A recent analysis by the Center for Immigration Studies of public-use data released earlier this month by the Bureau of Labor Statistics shows that while there was some improvement in the number and share of native-born Americans and immigrants (legal and illegal) out of work, unemployment remains extraordinarily high.

The unemployment rate improved slightly more for immigrants than for the native-born between May and June, but native unemployment at 10.7 percent remains a good deal lower than the 13.8 percent for immigrants.

Despite the recent improvement, the 18.1 million unemployed immigrants and natives in June is still nearly three times what it was in June last year.

While workers of every education level have experienced significant job losses during the Covid-19 shutdown, the situation for workers without a college education is especially bleak. It remains extremely difficult to justify the continued entry of new immigrants on the grounds of any "labor shortage".

Here are some of the studies findings:

The unemployment rate for native-born Americans (ages 16-plus) was 10.7 percent in June. While lower than the 12.4 percent in May, it is still almost three times what it was before Covid-19 hit. Among immigrants (ages 16-plus), the rate was 13.8 percent in June, compared to 15.8 percent in May. The immigrant rate is still nearly four times what it was before Covid-19.

The number of natives and immigrants unemployed declined by about 12 percent for both groups between May and June. Still, the number of natives and immigrants unemployed stood at 18.1 million, nearly three times what it was in February, before Covid-19 hit.

In addition to the unemployed, there were 45.7 million working-age (16-64) native-born and 9.4 million working-age immigrants entirely out of the labor force — neither working nor looking for work. This is still 1.7 million higher for the native-born and 800,000 higher for immigrants than it was in February.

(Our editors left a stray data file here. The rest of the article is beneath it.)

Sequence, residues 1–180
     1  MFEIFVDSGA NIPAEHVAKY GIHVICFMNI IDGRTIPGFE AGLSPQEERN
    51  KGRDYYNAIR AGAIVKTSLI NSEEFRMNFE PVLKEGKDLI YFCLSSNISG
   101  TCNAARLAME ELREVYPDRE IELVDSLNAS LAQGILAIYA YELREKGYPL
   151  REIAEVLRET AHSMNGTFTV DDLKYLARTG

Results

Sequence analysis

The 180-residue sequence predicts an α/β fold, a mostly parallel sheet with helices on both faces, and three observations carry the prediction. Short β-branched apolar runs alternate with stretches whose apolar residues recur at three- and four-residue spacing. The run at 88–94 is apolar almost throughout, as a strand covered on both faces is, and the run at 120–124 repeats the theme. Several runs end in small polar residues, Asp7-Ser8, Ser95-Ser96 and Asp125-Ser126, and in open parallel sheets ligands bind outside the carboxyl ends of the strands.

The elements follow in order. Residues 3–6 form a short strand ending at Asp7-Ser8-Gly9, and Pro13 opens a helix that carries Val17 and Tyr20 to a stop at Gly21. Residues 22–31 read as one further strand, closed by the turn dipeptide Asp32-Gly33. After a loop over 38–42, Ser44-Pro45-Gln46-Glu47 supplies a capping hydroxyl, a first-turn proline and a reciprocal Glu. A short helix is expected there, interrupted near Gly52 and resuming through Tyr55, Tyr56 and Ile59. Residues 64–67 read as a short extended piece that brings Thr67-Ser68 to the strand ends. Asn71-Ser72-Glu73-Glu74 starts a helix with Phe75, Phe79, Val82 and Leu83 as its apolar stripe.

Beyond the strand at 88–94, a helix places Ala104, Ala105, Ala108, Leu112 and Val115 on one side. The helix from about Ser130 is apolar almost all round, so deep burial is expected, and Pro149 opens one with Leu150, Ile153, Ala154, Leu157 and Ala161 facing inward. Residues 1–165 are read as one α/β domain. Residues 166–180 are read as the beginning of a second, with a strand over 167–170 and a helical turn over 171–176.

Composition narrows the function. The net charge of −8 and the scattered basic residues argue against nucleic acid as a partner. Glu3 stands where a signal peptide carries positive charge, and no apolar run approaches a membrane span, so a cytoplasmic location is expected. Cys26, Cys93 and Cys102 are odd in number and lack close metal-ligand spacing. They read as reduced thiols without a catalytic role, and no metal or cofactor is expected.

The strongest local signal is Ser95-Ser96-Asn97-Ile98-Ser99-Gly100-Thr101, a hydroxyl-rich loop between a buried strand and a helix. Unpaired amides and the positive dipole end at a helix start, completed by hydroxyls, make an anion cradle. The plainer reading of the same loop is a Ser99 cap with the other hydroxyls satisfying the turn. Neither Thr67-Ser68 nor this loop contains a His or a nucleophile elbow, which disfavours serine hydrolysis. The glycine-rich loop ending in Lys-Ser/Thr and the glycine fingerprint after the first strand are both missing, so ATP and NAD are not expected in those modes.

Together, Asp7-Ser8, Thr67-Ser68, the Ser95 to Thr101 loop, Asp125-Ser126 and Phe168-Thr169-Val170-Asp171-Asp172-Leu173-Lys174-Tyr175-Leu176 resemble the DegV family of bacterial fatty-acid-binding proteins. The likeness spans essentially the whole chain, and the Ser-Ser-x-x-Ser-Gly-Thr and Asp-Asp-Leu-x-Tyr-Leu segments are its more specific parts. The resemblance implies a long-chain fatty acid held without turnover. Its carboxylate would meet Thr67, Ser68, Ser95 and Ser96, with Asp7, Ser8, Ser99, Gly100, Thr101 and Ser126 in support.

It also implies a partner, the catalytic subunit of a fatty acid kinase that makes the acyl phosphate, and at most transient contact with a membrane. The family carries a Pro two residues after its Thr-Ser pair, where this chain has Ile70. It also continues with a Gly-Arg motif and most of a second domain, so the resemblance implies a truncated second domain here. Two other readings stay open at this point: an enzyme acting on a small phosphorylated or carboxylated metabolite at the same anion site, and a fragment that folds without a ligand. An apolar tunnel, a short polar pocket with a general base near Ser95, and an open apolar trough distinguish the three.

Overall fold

We estimate the unemployment rate for legal immigrants in June was 13.3 percent, an improvement from the 15.6 percent in May. The rate for illegal immigrants was 15.1 percent, an improvement from 16.4 percent in May.

Among those without a college education:

The unemployment rate for the native-born (ages 25-plus) without a bachelor’s degree was 10.8 percent in June, compared to 6.6 percent for those with at least a bachelor’s. Among immigrants (ages 25-plus), 16.3 percent without a bachelor’s degree were unemployed, compared to 8.9 percent with a bachelor’s.

The unemployment rate (combined immigrant and native-born) in many jobs typically performed by the less-educated has improved but remains high.

  • 28.5 percent for food preparers and servers
  • 21.4 percent for maids and housekeepers
  • 20.1 percent for retail salespersons
  • 15 percent for construction laborers
  • 7.2 percent for health care aides and nursing assistants

The Covid-19 shutdown has exacerbated the long-term decline in the labor force participation rate (share working or looking for work) of the less-educated. In June 2020, only 67 percent of working-age (16-64) natives without a bachelor’s degree were in the labor force, down from 72 percent in 2007 and 76 percent in 2000.

Focusing only on men who are of prime working age (25 to 54) still shows a long-term decline in labor force participation. The share of these native-born men without a bachelors in the labor force was 83 percent in June 2020, compared to 88 percent in June 2007 and 90 percent in June 2000.

For the full study, and information on methods, please visit the Center for Immigration Studies.

Updated: Mon, Aug 10th 2020 @ 2:05pm EDT